Hi David J.,

That is an interesting perspective.

Also based on the ideas proposed by Peter, and after a bit of experimentation, 
these are my thoughts:

 * Java object encapsulation “works", but only if we assume that there is
     no such thing as reflection. Since an object can be introspected, it means
     that there is no “complete” encapsulation, only “weak” encapsulation.

      —> True. Important if thinking about security, maybe, but perhaps not
             very convincing to me to change my thinking.

 * DTOs are not real “Value Objects” because normally a VO should be immutable.
     However, if all we make are copies, and both the producer and consumer 
     that it is a copy being shipped, then in the end, I cannot see a problem. 
It will cause me
     to change some habits, but I don’t see a problem.

 * Java8 and its “functional” flavour have really started to interest me.

Based mostly on the last two thoughts, I have tried using the pattern I wrote 
in my earlier post. In essence:

 * API interface - determines the contract with the rest of the world
 * DTO - for transmitting and serializing (essential for a working system)
 * Implementation object - usually Value Objects, but sometimes Entities

By following most of the DTO rules, which generally means (1) make serialisable 
data public, (2) provide a no-arg public constructor, and (3) have a tree-like 
structure that only contains other “DTO-type” objects, the DTO can be combined 
with the implementation.

This completely eliminates an extra step.

No longer required:  serialized data —> DTO —> domain object

New method: serialized data —> DTO (==domain object)

I have even started to make my “simple” DTOs (i.e. pure VOs with little or no 
behaviour) part of the API instead of the impl.

I have been very pleased with the results so far. However, if we don’t provide 
the possibility to relax the rules on the DTOs a bit, this will no longer be 
possible. I would be really sad to not be able to use this pattern, unless of 
course somebody has come up with a better / alternate solution.

What you propose below seems like it would encapsulate well, but it seems to me 
that the extra step of redirection would cause duplicate work. No?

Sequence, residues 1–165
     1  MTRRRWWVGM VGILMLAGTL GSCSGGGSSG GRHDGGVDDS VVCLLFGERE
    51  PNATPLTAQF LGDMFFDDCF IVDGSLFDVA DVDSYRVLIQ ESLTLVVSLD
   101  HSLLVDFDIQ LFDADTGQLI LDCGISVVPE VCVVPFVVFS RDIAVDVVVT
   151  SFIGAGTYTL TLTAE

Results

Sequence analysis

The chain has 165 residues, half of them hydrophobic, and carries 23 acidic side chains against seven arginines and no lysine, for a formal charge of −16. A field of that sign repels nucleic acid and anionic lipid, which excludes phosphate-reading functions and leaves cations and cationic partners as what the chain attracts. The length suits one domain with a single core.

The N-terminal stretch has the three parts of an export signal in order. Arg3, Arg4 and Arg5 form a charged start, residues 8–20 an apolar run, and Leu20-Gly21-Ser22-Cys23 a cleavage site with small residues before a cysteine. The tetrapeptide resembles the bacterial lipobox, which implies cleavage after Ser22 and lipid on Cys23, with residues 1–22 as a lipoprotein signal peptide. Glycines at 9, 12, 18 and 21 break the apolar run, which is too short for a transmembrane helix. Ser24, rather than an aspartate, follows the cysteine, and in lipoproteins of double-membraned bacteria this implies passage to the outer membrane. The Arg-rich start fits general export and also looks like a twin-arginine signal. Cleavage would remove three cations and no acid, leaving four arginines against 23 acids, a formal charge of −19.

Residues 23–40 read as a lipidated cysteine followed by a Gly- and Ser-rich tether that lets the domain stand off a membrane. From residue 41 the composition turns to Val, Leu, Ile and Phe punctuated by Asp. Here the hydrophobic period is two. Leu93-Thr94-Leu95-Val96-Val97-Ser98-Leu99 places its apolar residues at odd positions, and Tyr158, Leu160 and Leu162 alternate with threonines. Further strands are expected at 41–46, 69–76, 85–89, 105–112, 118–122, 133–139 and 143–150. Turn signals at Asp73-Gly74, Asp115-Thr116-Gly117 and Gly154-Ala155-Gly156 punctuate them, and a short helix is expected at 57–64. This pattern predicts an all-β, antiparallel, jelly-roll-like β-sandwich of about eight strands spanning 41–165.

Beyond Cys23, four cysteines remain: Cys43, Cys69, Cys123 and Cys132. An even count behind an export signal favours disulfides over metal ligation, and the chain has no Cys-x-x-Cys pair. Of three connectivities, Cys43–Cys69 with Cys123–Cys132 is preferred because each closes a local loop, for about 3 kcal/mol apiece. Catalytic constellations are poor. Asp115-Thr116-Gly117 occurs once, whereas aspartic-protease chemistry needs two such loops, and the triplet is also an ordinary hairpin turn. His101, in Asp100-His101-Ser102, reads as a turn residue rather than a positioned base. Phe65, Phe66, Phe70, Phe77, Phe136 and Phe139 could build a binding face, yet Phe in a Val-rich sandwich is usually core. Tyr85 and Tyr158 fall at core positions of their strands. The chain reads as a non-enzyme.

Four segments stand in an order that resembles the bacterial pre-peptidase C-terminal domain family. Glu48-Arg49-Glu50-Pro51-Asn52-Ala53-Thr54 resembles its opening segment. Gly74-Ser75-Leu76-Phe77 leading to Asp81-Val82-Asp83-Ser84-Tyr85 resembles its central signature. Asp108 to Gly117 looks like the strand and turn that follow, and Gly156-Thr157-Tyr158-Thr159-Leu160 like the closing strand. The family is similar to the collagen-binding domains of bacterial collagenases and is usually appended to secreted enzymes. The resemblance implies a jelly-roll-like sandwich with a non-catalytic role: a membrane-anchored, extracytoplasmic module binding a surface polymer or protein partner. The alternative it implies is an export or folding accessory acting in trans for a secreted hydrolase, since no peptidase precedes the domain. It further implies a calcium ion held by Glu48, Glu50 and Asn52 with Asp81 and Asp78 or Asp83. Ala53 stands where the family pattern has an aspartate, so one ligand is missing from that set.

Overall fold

> On Oct 16, 2016, at 1:10 AM, David Jencks <david_jen...@yahoo.com.INVALID> 
> wrote:
> A while ago Peter said something about DTOs violating data hiding or 
> encapsulation and I decided that if you think of the DTO as a primitive data 
> type they don’t.   Following this line of thinking (which I have not been 
> able to try out in practice, just as thought experiments) you’d have
> public class SomeDTO extends DTO {
>  public String foo;
>  public String bar;
> }
> public interface SomeInterface {
>  SomeDTO data(); //I’m not sure this is needed
>  String calculateFooBar();
> }
> public class SomeImpl {
>  final SomeDTO data;
>  public SomeImpl(SomeDTO data) {this.data = data;}
>  public SomeDTO data() {return data;}
>  public String calculateFooBar() {return data.foo + “:” + data.bar;}
> }
> I’m curious how this would work out in an actual situation, especially in 
> knowing fi the “data()” accessor is needed.  I’d hope it would only be needed 
> for serialization purposes.
> thanks
> david jencks
>> On Oct 14, 2016, at 9:52 PM, David Leangen <apa...@leangen.net> wrote:
>> Hi!
>> I only noticed now that according to the RFC, DTOs cannot contain methods. I 
>> can understand why this is so, and I do not object.
>> However, I have found a very practical design pattern whereby I use classes 
>> that act both as DTOs and domain value objects. In effect, this means that 
>> they are DTOs with methods. I am willing to pay the price of having 
>> “bloated” DTOs for this convenience.
>> Would there be any way to allow configuration to permit this?
>> If that is out of the question then any suggestions as to what I could do so 
>> as to not have to have “duplicate” classes (DTOs and domain VOs)?
>> Example:
>> Domain object API
>> public interface SomeObject {
>>  String foo();
>>  String bar();
>>  String calculateFoobar();
>> }
>> Implementation
>> public class SomeObjectDTO extends DTO implements SomeObject {
>>   public String foo;
>>   public String bar;
>>   public SomeObjectDTO() {}
>>   public SomeObjectDTO( String aFoo, String aBar ) {
>>       foo = aFoo; bar = aBar;
>>   }
>>   @Override public String foo() { return foo; }
>>   @Override public String bar() { return bar; }
>>   @Override public String calculateFoobar() { return foo + “:” + bar; }
>> }
>> I like the above because:
>> * No duplication
>> * As a DTO, can be sent over the wire and serialised
>> * Implements the domain API
>> Cheers,
>> =David

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